EPSRC Reference: 
EP/W009676/1 
Title: 
A divide and conquer attack on challenging least squares problems 
Principal Investigator: 
Scott, Professor JA 
Other Investigators: 

Researcher CoInvestigators: 

Project Partners: 

Department: 
Scientific Computing Department 
Organisation: 
STFC Laboratories (Grouped) 
Scheme: 
Standard Research  NR1 
Starts: 
01 November 2021 
Ends: 
31 October 2022 
Value (£): 
62,112

EPSRC Research Topic Classifications: 

EPSRC Industrial Sector Classifications: 
No relevance to Underpinning Sectors 


Related Grants: 

Panel History: 

Summary on Grant Application Form 
his project seeks to solve challenging largescale linear least squares problems that arise in science, engineering, planning and economics. Least squares involves finding an approximate solution of overdetermined or inexactly specified systems of equations. Reallife applications abound. Weather forecasters want to produce more accurate forecasts; climatologists want a better understanding of climate change; medics want to produce more accurate images in real time; financiers want to analyse and quantify the systematic risk of an investment by fitting a capital asset pricing model to observed financial data. Finding the 'best' solution commonly involves constructing a mathematical model to describe the problem and then fitting this model to observed data. Such models are usually complicated; models with millions of variables and restrictions are not uncommon, but neither are relatively small but fiendishly difficult ones. It is therefore imperative to implement the model on a computer and to use computer algorithms for solving it. The latter task is at the core of the proposed activities.
Nearly all such largescale problems are sparse. That is to say, the interactions between the parameters of a large system are localised and involve limited direct interactions between all the components. To solve the systems and models represented in this way efficiently involves developing algorithms that are able to exploit these underlying 'simpler' structures, thus reducing the scale of the problems, allowing the use of parallelism and speeding up their solution on modern computer architectures.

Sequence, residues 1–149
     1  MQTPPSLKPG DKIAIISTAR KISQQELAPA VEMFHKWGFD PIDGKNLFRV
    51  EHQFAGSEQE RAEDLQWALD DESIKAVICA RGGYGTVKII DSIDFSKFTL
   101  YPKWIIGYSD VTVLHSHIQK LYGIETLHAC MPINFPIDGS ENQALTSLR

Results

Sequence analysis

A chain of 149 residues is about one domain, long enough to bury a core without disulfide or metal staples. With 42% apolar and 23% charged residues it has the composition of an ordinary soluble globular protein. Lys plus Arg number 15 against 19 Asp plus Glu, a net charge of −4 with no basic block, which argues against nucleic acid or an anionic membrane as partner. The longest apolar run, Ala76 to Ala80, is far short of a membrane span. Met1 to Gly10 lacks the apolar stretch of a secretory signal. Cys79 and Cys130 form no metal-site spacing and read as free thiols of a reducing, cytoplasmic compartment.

Our focus will be on iterative methods, which are commonly the only possible class of methods that can be used to tackle very large problems. However, to obtain a solution in an acceptable number of steps, it is generally necessary to transform the given system to another one that has the same solution but is simpler to solve. This is called preconditioning. The choice of preconditioner is problem dependent and for least squares problem there are currently few options available. Thus, we seek to develop a class of novel preconditioners that are highly efficient and robust when applied to largescale least squares problems. We will develop new algorithms and underlying theory and, very importantly, we will implement these algorithms in high quality software that will be made available through our internationally renowned mathematical software library HSL. This is extensively used by the scientific and engineering research community in the UK and abroad, as well as by some commercial companies. The software will also be incorporated in the widelyused PETSc suite of packages for scalable computation.

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